The US Federal Trade Commission, the Office of the Australian Information Commissioner and the Office of the Privacy Commissioner of Canada have shared an award for global data protection in the wake of the 2015 AshleyMadison.com breach.
The ‘Chair’s Grand Award for Innovation’ was presented at the International Conference of Data Protection and Privacy Commissioners (ICDPPC) in Hong Kong on Tuesday. The conference represents 119 different data protection agencies.
Chair John Edwards said the synchronised investigations were “a model on how to achieve cross-border cooperation in privacy enforcement.”
The dating platform was charged with “deceiving consumers and failing to protect customer information in 36 million users’ accounts”, and was required to “implement a comprehensive data-security program and pay a total of $1.6 million to settle FTC and state actions”, the FTC press release states.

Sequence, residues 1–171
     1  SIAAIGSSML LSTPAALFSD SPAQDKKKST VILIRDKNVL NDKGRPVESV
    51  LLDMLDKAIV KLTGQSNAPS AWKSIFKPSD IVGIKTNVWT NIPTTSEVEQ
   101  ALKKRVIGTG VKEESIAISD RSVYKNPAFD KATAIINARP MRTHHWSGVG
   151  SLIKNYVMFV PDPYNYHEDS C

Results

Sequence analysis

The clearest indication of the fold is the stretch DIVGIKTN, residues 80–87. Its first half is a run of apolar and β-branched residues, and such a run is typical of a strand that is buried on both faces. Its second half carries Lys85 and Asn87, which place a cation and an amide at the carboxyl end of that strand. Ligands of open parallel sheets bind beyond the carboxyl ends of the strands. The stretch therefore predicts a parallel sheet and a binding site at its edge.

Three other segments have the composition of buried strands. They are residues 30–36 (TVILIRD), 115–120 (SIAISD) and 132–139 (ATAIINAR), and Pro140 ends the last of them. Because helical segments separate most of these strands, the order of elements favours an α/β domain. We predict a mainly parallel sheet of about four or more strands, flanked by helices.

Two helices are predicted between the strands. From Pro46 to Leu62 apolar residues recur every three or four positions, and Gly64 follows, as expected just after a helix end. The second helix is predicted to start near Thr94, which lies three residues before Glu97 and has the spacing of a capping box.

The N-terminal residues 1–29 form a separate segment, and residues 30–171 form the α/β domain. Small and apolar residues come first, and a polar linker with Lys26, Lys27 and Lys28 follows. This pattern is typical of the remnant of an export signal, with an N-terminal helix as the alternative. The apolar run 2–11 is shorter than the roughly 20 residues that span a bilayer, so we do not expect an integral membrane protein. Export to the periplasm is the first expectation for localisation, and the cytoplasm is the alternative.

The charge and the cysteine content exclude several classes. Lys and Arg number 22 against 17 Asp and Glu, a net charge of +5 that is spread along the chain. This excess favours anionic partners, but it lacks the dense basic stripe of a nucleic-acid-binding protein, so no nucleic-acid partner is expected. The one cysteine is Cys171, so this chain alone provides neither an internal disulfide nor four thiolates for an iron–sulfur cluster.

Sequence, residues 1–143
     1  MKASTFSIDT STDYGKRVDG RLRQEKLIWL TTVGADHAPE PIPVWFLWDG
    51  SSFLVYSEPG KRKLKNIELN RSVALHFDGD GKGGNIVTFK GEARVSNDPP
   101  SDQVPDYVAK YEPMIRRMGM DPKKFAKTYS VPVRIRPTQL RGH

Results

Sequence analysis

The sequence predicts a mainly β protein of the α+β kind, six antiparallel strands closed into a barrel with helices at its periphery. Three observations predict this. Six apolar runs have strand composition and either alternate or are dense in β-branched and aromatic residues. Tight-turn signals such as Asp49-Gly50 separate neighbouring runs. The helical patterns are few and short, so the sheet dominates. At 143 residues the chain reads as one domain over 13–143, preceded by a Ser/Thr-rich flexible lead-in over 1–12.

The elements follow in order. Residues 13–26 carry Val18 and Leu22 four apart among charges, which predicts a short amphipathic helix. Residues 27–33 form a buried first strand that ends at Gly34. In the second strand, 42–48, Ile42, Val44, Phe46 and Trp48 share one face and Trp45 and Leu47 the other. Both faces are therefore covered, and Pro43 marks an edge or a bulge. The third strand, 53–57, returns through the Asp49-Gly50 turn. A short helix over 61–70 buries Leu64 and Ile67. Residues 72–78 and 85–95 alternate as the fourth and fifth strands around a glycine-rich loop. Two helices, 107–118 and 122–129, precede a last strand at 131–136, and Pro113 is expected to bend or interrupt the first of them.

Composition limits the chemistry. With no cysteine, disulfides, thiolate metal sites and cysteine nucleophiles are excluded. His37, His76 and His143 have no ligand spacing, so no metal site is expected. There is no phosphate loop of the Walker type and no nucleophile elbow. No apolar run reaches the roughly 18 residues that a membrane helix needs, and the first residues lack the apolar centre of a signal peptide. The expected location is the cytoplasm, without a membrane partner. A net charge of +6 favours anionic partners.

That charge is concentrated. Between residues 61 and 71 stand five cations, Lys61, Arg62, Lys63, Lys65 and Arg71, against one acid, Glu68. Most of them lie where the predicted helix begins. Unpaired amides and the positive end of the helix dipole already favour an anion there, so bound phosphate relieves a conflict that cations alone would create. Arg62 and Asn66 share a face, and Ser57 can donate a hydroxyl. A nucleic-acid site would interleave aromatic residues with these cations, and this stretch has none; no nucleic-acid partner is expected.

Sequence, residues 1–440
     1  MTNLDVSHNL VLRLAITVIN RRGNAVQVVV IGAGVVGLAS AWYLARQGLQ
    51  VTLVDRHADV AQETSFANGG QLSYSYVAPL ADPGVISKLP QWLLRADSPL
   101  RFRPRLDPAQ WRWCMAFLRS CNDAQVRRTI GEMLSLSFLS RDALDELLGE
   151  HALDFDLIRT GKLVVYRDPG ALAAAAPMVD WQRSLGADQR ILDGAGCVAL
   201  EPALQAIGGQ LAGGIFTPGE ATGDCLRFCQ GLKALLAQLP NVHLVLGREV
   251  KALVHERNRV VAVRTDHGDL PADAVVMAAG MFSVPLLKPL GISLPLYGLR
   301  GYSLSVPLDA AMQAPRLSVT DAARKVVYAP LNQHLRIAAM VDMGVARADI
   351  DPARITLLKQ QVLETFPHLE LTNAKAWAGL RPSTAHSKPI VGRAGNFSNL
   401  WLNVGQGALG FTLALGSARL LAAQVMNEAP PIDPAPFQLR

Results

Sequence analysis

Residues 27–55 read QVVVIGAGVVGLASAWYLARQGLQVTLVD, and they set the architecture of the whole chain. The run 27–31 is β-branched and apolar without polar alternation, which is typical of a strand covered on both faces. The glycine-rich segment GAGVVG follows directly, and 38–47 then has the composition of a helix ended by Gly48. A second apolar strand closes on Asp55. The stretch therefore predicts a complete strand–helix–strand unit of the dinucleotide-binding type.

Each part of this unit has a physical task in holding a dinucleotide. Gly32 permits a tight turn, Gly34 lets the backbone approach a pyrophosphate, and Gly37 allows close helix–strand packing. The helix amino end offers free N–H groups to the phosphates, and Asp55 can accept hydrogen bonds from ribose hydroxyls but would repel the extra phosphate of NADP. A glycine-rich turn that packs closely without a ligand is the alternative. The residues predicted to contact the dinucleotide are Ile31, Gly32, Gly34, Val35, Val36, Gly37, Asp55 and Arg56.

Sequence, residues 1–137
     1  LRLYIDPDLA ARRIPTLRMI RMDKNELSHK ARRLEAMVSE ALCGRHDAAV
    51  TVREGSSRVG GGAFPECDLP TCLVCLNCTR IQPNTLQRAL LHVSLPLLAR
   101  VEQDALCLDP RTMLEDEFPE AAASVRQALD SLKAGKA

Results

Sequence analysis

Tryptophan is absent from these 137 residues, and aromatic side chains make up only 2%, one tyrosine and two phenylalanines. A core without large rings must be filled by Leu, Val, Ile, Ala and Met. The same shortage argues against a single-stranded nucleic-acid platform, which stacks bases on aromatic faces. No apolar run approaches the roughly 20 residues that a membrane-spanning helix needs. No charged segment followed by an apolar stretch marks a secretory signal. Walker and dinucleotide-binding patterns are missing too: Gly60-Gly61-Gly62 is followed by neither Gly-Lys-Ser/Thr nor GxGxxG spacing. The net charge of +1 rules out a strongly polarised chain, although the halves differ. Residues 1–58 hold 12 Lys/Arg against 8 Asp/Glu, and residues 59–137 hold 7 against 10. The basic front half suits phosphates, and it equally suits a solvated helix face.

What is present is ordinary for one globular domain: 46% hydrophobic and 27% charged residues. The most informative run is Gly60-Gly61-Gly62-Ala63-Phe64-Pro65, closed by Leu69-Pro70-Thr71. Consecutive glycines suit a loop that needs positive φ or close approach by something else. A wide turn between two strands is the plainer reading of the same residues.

It was also required to reach separate settlements with the Australian and Canadian authorities.
Since the settlement, AshleyMadison.com has continued to operate successfully, and the platform has taken steps to implement a new set of best practices.
There is also a section of the website dedicated to the aftermath of the hack. It features an extensive breakdown of the nature of the case against AshleyMadison.com, a full timeline of events, and security tips for users.
It states that: “After the hack, Ashley Madison revamped and reimagined its security program, reviewing millions of lines of Ashley Madison code, enhancing its (internal and external facing) security infrastructure and teaming with world leading security experts to craft a continuous security monitoring program of Ashley security updates and post-hack privacy enhancements.
“In August 2016, Ashley Madison updated its website with security and privacy information to help users protect their privacy and safeguard their personal information.”
Details of the AshleyMadison.com-FTC settlement can be found here.